by Tearrance Arvelle Chisholm
directed by Lisa Marie Rollins
A Producing Partnership with Playwrights Foundation; Show Sponsors, Ruth & William Isenberg; Supported, in part, by The Zellerbach Family and William & Flora Hewlett Foundations
“Breathtakingly on-point new comedy”
-Nelson Pressley, Washington Post
Marquis and Tru, both 14 and black, meet one evening in the holding cell of a police station. Marquis is a Nietzsche-loving prep-schooler, adopted by white people and living in the affluent suburb of Achievement Heights; while Tru is a super smart, Tupac loving, kid from central Baltimore. Tru decides Marquis has lost his blackness and pens a how-to manual for him entitled “Being Black for Dummies.” They navigate through both Marquis’ world of cheerleaders, jocks, headmasters and Tru’s world in Baltimore all while they debate, struggle and ultimately develop a friendship that reveals that maybe Tupac and Nietzsche were saying the same thing all along.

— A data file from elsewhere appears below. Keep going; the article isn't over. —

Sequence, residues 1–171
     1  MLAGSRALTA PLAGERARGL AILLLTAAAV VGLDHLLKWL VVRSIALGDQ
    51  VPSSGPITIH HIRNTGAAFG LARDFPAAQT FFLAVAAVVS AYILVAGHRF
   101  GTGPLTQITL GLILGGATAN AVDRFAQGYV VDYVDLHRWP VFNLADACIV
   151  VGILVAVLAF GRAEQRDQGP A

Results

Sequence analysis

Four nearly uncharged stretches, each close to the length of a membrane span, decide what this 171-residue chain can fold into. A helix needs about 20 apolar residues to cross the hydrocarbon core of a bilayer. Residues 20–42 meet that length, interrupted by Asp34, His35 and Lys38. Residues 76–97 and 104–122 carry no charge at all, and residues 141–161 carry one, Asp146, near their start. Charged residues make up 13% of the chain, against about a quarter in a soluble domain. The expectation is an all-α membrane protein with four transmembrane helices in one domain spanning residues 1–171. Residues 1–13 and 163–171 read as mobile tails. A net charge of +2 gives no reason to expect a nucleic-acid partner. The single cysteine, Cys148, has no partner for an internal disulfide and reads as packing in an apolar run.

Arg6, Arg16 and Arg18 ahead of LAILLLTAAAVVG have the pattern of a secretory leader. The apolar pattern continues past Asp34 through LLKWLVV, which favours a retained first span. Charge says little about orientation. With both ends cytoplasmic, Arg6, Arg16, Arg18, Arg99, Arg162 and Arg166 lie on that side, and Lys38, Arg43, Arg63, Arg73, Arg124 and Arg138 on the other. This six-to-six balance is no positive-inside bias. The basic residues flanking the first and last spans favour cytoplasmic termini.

“Hooded, or Being Black for Dummies” is a comedic and truthful examination of growing up black in America by rising-star playwright Tearrance Arvelle Chisholm.
Tru: Tre’Vonne Bell
Marquis: Jesse Franklin Charles Vaughn
Hunter: Peter Alexander
Prairie: Delaney Corbitt
Clementine: Rebecca Hodges
Meadow: Ari Lagomarsino
Debra: Jessica Risco
Borzoi: BE Rivers
Fielder: Max Seijas
Director: Lisa Marie Rollins
Assistant Director/ Dramaturg: Brit Frazier
Stage Manager: Rachel Mogan
Costumes: Maggie Whitaker
Lights: Maxx Kurzunski*
Scenic: Celeste Martore
Sound: Chris Sauceda
Props: Stephanie Dittbern*
Projections: Sarah Phykitt*
*member, Custom Made Theatre Co.
West Coast Premiere
Learn why Nietzsche and Tupac were basically saying the same thing.
Now Extended until April 7th!
Critics on HOODED!
“A darkly comedic and deeply astute look at the many ways of being black in America.” –SF Chronicle
“For experts and dummies alike, Hooded shares a secret that everyone can learn from. Certainly, a must-see.” -Theatrius
“Hooded reads as pure poetry, brought to life by the talents and charisma of (Tre’Vonne) Bell and (Jesse) Vaughn.” –Daily Cal
“Funny and thoughtful… manages to directly engage issues of race and justice without being didactic (or) patronizing.” –TheatreStorm
“(A) devilishly funny and challenging play.” –Marin Independent Journal